Green surprises in Beijing: gardening in China’s capital

by Tamara Treichel

Spring is upon us again, with thoughts of flowers and gardens shooting up.

Love of houseplants is universal, except if you have a nomadic lifestyle, I suppose.

Most residences and offices have some kinds of plants, at least some plain-Jane pothos or bashful peace lilies.

“Oh yes! It’s necessary for me to have plants,” a fellow expat called Diane told me. I, too, couldn’t imagine my life here without them; else I would feel I would just be slumming it in a hotel-like setting instead of my home, which is in a hutong house. My friends and coworkers also enjoy having plants with some occasionally posting photos of their vegetable gardens or cacti on Wechat; a Chinese coworker told me he had two plants, and when he was away on vacation, he said he “hope[d] they live well in Beijing.”

Plants not only beautify the environment  – they also offer wonderful entertainment (Lillian Gish films aside, the best silent movies ever if you watch them unfurl their leaves or poke their green little noses out of the soil!) . Plants are morale boosters, works of art, scientific experiments, a practice in patience, and have a meditative quality. They can nourish the soul, but cause headache or heartache if you forget to water or take care of them, if they have pests or rot – or if they downright die on you.

Hyacinth in bloom

Hyacinth in bloom

Planting hyacinths

Planting hyacinths

Historically plants and their cultivation are interesting; to me, COVID-19 recently brought to mind the popularity of victory gardens, which were kitchen gardens planted by individual gardeners to relieve pressure on the public food supply during WWI and II, with some people recently coming up with the idea of COVID Victory Gardens, which I found advertised somewhere as being the most “valuable commodity these days: escape.” In pre-COVID times, former First Lady Michelle Obama planted a White House kitchen garden to promote healthy eating and wellbeing, and container gardens seem to be flourishing these days among urbanites, also in Beijing.

Container gardens can also be a messy affair

Container gardens can also be a messy affair

I, too, tried my hand at planting a sort of “coronavirus container victory garden” in the courtyard of my little hutong house. I planted corn, eggplant, tomato, and pumpkin, but they yielded no harvest except for some green shoots and stalks. However, my tomato plant produced a tiny green orb that looked like a martini olive and then just withered on the vine after I had to take the plant inside to protect it from frost. My mistake? I suspect planting the seeds too late, which in my case was May. “Definitely (plant in) late March if I remember correctly, but seeds can be started indoors if you want to get a jump on things,” Terry, a fellow American expat who was successful with his eggplant and rosemary advised me.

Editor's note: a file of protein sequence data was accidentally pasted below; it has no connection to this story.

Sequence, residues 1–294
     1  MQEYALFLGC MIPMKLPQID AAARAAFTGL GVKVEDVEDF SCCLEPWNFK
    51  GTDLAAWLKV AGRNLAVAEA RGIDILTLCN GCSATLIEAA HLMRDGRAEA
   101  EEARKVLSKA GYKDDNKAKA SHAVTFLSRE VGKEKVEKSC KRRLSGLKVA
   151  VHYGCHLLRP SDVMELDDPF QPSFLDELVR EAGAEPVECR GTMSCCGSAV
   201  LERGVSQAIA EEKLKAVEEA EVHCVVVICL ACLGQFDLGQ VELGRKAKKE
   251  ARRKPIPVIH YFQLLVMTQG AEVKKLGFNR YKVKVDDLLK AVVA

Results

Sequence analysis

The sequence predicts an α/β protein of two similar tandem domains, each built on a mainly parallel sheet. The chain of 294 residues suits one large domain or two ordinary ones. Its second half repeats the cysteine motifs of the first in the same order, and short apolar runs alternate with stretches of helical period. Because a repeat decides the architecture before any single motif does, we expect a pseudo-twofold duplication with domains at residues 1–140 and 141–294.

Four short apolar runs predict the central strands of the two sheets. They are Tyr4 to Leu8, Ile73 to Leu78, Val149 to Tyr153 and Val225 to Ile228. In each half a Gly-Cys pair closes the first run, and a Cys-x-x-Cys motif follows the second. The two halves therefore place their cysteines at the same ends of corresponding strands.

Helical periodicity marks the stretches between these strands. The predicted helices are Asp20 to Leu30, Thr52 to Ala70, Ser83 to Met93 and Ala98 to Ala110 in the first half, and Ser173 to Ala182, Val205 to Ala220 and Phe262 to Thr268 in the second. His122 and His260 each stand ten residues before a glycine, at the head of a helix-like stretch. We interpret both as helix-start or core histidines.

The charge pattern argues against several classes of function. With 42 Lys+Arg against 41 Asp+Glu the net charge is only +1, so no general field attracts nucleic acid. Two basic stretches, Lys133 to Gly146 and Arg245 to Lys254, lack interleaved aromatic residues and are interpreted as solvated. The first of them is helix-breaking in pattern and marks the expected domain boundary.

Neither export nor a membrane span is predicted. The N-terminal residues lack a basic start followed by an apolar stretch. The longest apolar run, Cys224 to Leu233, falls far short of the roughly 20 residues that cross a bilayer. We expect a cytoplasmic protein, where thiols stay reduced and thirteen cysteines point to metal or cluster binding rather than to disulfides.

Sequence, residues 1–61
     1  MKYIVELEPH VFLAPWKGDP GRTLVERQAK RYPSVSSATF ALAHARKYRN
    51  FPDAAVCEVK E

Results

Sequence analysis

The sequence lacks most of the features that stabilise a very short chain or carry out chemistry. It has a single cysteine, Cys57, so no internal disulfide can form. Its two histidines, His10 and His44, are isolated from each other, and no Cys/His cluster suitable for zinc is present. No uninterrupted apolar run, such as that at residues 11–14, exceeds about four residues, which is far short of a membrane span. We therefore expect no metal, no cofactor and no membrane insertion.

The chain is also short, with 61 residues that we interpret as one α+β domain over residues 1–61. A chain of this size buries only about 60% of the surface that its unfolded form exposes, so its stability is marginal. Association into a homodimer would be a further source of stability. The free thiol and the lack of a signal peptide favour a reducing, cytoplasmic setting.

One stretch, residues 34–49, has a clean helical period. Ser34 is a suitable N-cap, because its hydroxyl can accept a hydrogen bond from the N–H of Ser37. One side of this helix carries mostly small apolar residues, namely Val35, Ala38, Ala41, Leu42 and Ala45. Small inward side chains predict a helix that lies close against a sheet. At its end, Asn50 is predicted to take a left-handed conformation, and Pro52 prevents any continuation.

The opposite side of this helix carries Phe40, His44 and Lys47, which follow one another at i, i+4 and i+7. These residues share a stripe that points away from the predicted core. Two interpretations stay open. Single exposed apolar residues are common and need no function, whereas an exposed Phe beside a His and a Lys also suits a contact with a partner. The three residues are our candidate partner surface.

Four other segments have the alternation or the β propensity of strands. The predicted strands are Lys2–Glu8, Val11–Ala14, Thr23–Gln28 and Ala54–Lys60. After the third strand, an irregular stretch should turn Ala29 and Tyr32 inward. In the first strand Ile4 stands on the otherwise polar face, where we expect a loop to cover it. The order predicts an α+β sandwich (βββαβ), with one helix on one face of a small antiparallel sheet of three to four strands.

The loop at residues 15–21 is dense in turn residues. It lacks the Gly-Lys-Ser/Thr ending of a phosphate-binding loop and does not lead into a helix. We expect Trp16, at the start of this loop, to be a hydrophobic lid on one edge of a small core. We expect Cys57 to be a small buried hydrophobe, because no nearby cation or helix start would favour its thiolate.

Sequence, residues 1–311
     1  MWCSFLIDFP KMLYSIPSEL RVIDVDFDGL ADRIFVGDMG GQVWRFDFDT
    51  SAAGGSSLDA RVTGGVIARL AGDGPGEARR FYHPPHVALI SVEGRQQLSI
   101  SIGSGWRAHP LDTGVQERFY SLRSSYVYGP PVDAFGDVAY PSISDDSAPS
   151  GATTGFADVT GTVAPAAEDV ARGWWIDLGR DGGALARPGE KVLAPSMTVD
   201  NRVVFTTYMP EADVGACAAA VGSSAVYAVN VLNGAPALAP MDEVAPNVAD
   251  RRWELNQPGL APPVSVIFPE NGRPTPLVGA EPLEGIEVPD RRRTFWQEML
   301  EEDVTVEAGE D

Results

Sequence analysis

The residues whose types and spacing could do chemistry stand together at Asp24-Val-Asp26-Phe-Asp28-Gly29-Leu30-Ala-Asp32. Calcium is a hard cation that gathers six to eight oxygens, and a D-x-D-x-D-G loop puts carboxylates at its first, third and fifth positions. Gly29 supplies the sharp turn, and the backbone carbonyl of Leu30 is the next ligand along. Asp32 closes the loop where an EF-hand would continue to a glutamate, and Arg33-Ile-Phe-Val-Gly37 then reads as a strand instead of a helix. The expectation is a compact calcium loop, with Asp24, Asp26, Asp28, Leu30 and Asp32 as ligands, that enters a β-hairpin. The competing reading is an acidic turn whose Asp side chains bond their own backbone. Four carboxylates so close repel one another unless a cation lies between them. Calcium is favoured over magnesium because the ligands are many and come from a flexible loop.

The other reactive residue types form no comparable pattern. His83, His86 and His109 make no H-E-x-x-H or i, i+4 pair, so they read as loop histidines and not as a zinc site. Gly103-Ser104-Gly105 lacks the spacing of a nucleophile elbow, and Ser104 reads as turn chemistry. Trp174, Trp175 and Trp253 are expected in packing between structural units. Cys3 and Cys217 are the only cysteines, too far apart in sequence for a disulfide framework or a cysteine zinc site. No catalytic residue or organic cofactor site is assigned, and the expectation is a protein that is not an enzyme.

I also got gardening advice from the woman who works at a local kiosk where I buy water and snacks as she has a small gardening plot with rose bushes. What’s more, I watched what my Chinese neighbors were doing, for example, one neighbor wrapped her outdoor plants in plastic in the winter to protect them from frost, and I would stealthily eye one neighbor’s beautiful collection of plants on his front stoop, studying them to see which plant varieties he had chosen and how he was caring for them, as I was not sure what worked in Beijing’s hot summers and cold, dry winters. I was banking on “success by imitation,” the easiest, laziest, least noble method.

Another aspect I love about having plants is not only researching how to take care of them, but also learning more about the symbolic significance of plants in various cultures. For example, the orchid, bamboo, chrysanthemum and plum blossom are known as the “Four Gentlemen” (四君子), or the “Four Noble Ones” in China because they represent different virtues (and seasons): the wild orchid is associated with spring, grace and beauty, which are traditionally “feminine” virtues, whereas bamboo represents summer, tenacity and uprightness – conventionally “male” virtues. The chrysanthemum, a flower popular at Chinese funerals and graves and a no-no at local weddings, represents hardiness and autumn, whereas the blood-colored plum blossom is associated with winter and overcoming adversity because it blooms in the bitter cold. They are perennial classical art motifs (I even have the four plants featured on a qipao of mine) found on paintings and wood carvings.

The flowering crabapple which I bought on Taobao, meanwhile, reminds me of the classic novel Dream of the Red Chamber, which features a botanical smorgasbord where each plant is doubtlessly associated with a deeper meaning. When I posted a photo on Wechat of my tiny crabapple tree, which has a bonsai-like quality – I associate hardy crabapple trees with Beijing courtyards because for some reason they appear to be a staple of 故居, or former residences of famous persons – someone suggested that Guanyin Pusa might be protecting it as it was growing in front of two pictures of the Buddhist deity!

Crabapple tree in front of two Buddhist pictures

Crabapple tree in front of two Buddhist pictures

 

Crabapple blooms

Crabapple blooms

As I sit on several orchids, cacti, tea rose bushes, wilted hyacinths and new packets of vegetable seeds which are waiting for their little soil nests, I am excited what 2021 will bring for me in terms of green surprises!

Leave a Reply

Your email address will not be published. Required fields are marked *

You may use these HTML tags and attributes: <a href="" title=""> <abbr title=""> <acronym title=""> <b> <blockquote cite=""> <cite> <code> <del datetime=""> <em> <i> <q cite=""> <strike> <strong>